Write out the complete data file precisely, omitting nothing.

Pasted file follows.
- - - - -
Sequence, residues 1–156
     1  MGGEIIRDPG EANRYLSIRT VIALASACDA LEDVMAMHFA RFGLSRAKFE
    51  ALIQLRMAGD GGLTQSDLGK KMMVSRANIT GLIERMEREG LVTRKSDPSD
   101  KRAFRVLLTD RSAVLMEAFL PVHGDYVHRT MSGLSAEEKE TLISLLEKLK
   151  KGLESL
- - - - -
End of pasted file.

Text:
Sequence, residues 1–156
     1  MGGEIIRDPG EANRYLSIRT VIALASACDA LEDVMAMHFA RFGLSRAKFE
    51  ALIQLRMAGD GGLTQSDLGK KMMVSRANIT GLIERMEREG LVTRKSDPSD
   101  KRAFRVLLTD RSAVLMEAFL PVHGDYVHRT MSGLSAEEKE TLISLLEKLK
   151  KGLESL